A Teacher’s Advice on Starting the School-Year Well


School DoorThe following is advice from my wife (a teacher at a public Middle School), with some elaboration from me (a youth pastor). Hopefully this will prove helpful for students and parents at the beginning of the school-year.

1. Be Organized
It’s the number one thing for success. Even more than being really smart! I’ve seen a lot of disorganized smart kids struggle because they didn’t keep track of projects and assignments. And I’ve seen a lot of organized kids get excellent grades because they were organized and kept on top of their work.

If there’s one piece of advice about school that I’ve learned through experience (high school, college, and grad school) it’s this… you won’t become a good student by accident. 

2. Show grace to teachers who have bad reputations
You don’t want the teachers to hold your reputation against you. Don’t do the same to them. Give them a shot… you might find out that you really get along with him/her! C

The Christian life is one filled by grace. We need to receive it. We need to give it.

If you want to be Salt & Light (Matthew 5:13-16) in your school, then treat your teachers differently than everyone else. Show them respect and give them the grace you’d like to receive.

3. It’s ok to be “the Christian kid”
Be the Christian kid. It’s only awkward if you make it that way. But if you’re confident in who you are in Christ, then own it. Be different. Sure, some people might treat you differently or give you a tough time, but most people will just accept you for who you are if you’ve accepted you for who you are.

The Apostle Paul said, “I am not ashamed of the gospel, for it is the power of God for all who believe” (Romans 1:16). Honestly: are you ashamed, or are you proud of the gospel? Do you get embarrassed when people find out you go to church and youth group? Are you ashamed of Christ, or are you living on purpose to make Christ known?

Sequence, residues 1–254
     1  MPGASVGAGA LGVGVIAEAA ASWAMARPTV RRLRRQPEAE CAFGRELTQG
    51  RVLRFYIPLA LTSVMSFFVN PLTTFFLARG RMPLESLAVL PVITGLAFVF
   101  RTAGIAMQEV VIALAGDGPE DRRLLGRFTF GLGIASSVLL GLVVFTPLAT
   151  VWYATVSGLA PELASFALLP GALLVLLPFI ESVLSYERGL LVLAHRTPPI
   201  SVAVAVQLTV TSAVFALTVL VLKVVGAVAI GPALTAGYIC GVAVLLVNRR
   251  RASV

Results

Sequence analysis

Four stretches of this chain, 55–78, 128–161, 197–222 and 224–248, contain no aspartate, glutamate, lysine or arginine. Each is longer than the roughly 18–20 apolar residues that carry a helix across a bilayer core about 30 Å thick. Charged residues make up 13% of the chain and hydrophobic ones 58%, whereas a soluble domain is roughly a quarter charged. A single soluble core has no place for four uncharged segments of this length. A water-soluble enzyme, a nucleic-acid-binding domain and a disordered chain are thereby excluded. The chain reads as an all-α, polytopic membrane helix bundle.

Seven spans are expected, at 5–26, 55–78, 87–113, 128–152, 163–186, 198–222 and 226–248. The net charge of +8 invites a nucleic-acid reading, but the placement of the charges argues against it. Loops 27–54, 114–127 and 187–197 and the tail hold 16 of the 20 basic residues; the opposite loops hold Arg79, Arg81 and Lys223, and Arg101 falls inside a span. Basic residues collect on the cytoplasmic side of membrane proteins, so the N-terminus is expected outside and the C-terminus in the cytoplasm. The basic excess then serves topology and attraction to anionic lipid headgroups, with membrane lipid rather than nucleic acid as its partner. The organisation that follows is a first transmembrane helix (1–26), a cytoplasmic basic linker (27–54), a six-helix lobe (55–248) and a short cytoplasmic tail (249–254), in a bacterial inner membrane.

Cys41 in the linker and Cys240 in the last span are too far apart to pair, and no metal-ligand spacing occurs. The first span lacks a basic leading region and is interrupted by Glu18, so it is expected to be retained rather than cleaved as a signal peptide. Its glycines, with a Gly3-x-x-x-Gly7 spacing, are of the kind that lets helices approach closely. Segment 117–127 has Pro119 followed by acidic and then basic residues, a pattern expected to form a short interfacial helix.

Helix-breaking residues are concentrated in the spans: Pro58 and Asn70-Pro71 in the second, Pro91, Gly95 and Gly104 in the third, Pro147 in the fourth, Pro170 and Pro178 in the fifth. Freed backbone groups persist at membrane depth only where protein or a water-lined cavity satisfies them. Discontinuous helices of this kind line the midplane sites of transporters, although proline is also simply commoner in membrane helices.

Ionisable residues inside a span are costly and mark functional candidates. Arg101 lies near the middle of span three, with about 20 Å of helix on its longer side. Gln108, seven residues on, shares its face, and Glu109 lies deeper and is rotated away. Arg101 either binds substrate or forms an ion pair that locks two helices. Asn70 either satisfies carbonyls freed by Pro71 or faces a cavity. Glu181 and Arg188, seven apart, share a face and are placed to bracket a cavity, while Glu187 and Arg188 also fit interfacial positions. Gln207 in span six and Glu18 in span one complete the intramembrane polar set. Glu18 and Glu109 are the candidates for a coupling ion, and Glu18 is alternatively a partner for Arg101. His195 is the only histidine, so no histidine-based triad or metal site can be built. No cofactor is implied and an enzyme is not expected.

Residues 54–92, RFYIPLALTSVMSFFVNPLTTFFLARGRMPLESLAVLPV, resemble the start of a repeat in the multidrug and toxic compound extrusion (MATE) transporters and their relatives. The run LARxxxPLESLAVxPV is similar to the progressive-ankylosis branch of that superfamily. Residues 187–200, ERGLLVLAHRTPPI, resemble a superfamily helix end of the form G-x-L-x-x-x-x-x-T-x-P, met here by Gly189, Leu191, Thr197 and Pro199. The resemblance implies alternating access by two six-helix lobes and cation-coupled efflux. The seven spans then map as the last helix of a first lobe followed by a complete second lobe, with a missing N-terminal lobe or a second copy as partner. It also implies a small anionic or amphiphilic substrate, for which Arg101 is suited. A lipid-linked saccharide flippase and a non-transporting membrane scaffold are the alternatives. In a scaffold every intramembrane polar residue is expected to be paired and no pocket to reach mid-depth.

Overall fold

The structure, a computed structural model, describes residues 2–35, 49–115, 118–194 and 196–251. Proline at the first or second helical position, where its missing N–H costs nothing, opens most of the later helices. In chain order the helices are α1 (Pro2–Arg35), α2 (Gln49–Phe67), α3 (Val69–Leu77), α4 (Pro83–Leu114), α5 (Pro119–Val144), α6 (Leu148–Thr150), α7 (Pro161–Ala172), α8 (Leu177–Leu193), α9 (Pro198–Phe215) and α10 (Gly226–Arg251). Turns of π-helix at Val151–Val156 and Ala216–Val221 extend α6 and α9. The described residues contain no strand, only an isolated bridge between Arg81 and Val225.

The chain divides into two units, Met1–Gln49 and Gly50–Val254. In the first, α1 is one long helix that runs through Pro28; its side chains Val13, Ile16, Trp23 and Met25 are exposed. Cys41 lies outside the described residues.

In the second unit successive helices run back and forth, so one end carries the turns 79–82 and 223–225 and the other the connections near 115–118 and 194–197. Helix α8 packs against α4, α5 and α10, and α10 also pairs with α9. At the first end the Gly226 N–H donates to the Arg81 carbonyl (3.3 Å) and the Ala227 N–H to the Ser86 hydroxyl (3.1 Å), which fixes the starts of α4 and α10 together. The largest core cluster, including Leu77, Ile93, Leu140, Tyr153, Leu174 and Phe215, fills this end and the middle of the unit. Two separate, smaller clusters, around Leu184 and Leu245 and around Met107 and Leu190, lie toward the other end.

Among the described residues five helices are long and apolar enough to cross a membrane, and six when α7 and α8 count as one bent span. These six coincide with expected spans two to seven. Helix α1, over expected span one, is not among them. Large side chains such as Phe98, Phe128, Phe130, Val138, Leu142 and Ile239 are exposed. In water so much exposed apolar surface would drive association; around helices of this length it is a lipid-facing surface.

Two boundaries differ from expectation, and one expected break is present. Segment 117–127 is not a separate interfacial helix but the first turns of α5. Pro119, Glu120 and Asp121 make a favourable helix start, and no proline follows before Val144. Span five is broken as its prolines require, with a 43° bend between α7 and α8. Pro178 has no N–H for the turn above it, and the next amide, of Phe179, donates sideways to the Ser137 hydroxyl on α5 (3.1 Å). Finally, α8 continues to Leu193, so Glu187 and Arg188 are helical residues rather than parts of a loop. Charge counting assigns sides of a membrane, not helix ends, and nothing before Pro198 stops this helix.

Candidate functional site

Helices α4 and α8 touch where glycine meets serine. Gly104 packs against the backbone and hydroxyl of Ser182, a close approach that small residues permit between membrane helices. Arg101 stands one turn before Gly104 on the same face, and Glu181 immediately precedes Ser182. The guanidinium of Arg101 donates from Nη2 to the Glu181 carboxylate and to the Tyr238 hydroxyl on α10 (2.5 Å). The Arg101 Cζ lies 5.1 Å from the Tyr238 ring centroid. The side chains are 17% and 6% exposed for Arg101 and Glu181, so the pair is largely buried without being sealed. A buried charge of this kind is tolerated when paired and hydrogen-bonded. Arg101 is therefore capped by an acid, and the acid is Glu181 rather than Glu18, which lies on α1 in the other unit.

4. Learn to say “No”
You can’t do everything you want to do. The sooner you learn that, the better. You don’t need to keep playing soccer because you always have. You don’t need to join that club because all your friends are. You don’t need to take that extra AP class. You don’t need to go out with your friends to that movie.

Remember this: every time you say “Yes” to something, you’re saying “No” to something else. You cannot go to the movies and spend all your time with your friends and still have time to get that project done. You’ve put it off long enough. You need to say “No, sorry. I have a project I need to work on.”

You can only spend time once. Learn to say “No” to things because you’ve said “Yes” to more important things. Take some time to figure out what your priorities are, and then choose how to spend your time and energy.

One of our youth leaders is also a teacher, and he added a sixth word of advice:

6. Be a Leader
You can be a leader, or you can be led. Choose to be an influencer. Don’t follow the crowd.

Think about your friend groups and look around, asking, “Who’s leading who?” and “Do I want my friends leading me, or should I be leading them?”

Finally: Remember your worth comes through your identity in Christ, not by your grades or accomplishments. Work hard. Study hard. Be smart. But do those things because you’ve been accepted by God. So many teens do those things in order to prove their worth. You don’t need to do that. Live in the freedom of God’s grace, knowing that you don’t need to live under insane amounts of pressure to perform.


A New School-Year’s Coming… (sorry)

Yup, it’s almost here…